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Minnesota activist Jacob Reitan on hand for historic morning ceremony ending ‘Don’t Ask, Don’t Tell’

The 2000 graduate of Mankato West High was the founder of the Right to Serve movement. He and other activists, acknowledging to military recruiters that they were gay, went around the country attempting to enlist in the armed forces.

When President Obama entered the room this morning, the crowd of about 400 people at the Interior Department was chanting, “Yes we can!”

Jacob Reitan — the Minnesotan sitting about six rows back from the podium where the president would sign into law a bill to end “Don’t Ask, Don’t Tell” — started his own chant.

“Yes we did!” he shouted.

And soon all those other activists who had worked so long and hard to end discrimination against gays in the military were chanting, too.

“Yes we did! Yes we did!”

Reitan, 28, was one of a very small number from Minnesota invited to the signing ceremony. He’d received the invitation from a White House staffer who knew of his diligent campaign work on behalf of the president and, even more, his long work to end “Don’t Ask, Don’t Tell.”

Reitan, a 2000 graduate of Mankato West High, was the founder of the Right to Serve movement in 2006. He and other activists, acknowledging to military recruiters that they were gay, went around the country attempting to enlist in the armed forces.

Reitan made his first attempt in the Twin Cities in 2006 when he tried to enlist in the Minnesota National Guard. He was rejected out of hand. When he refused to leave the recruiting office, he was arrested for trespassing. He ended up spending about 12 hours in the Ramsey County jail and ultimately paid a $150 fine.

Jacob Reitan
Courtesy of Randi Reitan
Jacob Reitan

It was the first of many times he would be arrested while attempting to enlist. In time, a documentary was done on the group and shown on public television.

At this morning’s ceremony, Reitan shook hands with the chairman of the Joint Chiefs of Staff, Adm. Mike Mullen, and told him of being busted for attempting to enlist.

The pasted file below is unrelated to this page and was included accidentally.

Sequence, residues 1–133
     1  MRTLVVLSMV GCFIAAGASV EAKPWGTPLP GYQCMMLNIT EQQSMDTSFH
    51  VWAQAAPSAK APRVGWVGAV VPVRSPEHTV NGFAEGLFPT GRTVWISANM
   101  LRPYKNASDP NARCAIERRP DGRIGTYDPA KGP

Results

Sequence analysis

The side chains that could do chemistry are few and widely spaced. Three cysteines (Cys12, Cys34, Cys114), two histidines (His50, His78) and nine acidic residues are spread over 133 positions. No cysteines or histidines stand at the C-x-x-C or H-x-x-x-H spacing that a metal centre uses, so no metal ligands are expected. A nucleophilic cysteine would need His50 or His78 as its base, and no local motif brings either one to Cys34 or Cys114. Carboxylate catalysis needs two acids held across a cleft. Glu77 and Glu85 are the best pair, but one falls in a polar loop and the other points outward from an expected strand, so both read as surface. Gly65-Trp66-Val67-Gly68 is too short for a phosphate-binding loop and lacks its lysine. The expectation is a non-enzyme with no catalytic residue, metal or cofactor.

“We both laughed,” Reitan said in a phone interview. “To his credit, he did so much to make this day possible.”

Reitan started the day early, arriving at the Department of Interior at 6 a.m. (Those invited had been told to arrive by 7:30.) Reitan was seventh in a line that soon quickly grew. That line was filled with people who had pushed for the change that was about to happen.

“Many of the people in that line had worked a lot longer on this issue than I did,” said Reitan.

Time passed quickly. The invited guests moved into the room where the signing was to take place. There were military leaders, such as Mullen. There were ex-soldiers who had been thrown out of the military for “telling.” And there were senators and representatives, including a handful of Republicans who had voted with Democrats to end the practice.

Then, the president entered the room.

“Yes we can!”

“Yes we did!”

In truth, there had been times many of the activists in the room had entertained doubts about the president’s determination to end “Don’t Ask, Don’t Tell.”

“It’s easy to be discouraged,” Reitan said. “We couldn’t know what he had in mind.”

Discouragement was running at particular high levels following the outcome of the November elections. With Republicans taking control of the House and making major gains in the Senate, there were fears that elimination of “Don’t Ask, Don’t Tell” would be pushed down the line by years.

“But every time it appeared that the bill was dead, the gay community got even more active,” Reitan said.

Senators and representatives were being deluged with messages from constituents — gay and straight — to end the discriminatory practice.

The president spoke, and was at his eloquent best. Doubts about his commitment to civil rights for gays disappeared.

“A stain has been wiped from the slate of this country,” said Reitan after the ceremony. “It was the single most discriminatory [current] practice in this country, and it came to an end in a beautiful way. The president gave a great speech that showed how deep his commitment was. There were the cheers.”

Afterward, there were handshakes all around.

Reitan shook hands with many of the pols, including Rep. Tim Walz, who had been a teacher and football coach at Mankato West when Reitan was first coming out.

Then, there was the moment when Reitan, oft busted for attempting to join the military, shook hands with the president.

“How are you?” the president said to him.

“It’s a great day for America,” Reitan responded.

And then?

“The president said something else, but I can’t even remember what it was,” said Reitan, sheepishly. “I was star struck, and I wasn’t at my most eloquent.”

So now, after being busted for attempting to join the military, will Reitan sign up?

“I’m thinking about that,” said Reitan, who plans to enter law school at the University of Minnesota next fall. “So much has changed from four years ago. I’m close to 30. And I might have one other problem. I have all those arrests on my record. They might not take me.”

Doug Grow writes about public affairs, state politics and other topics. He can be reached at dgrow [at] minnpost [dot] com.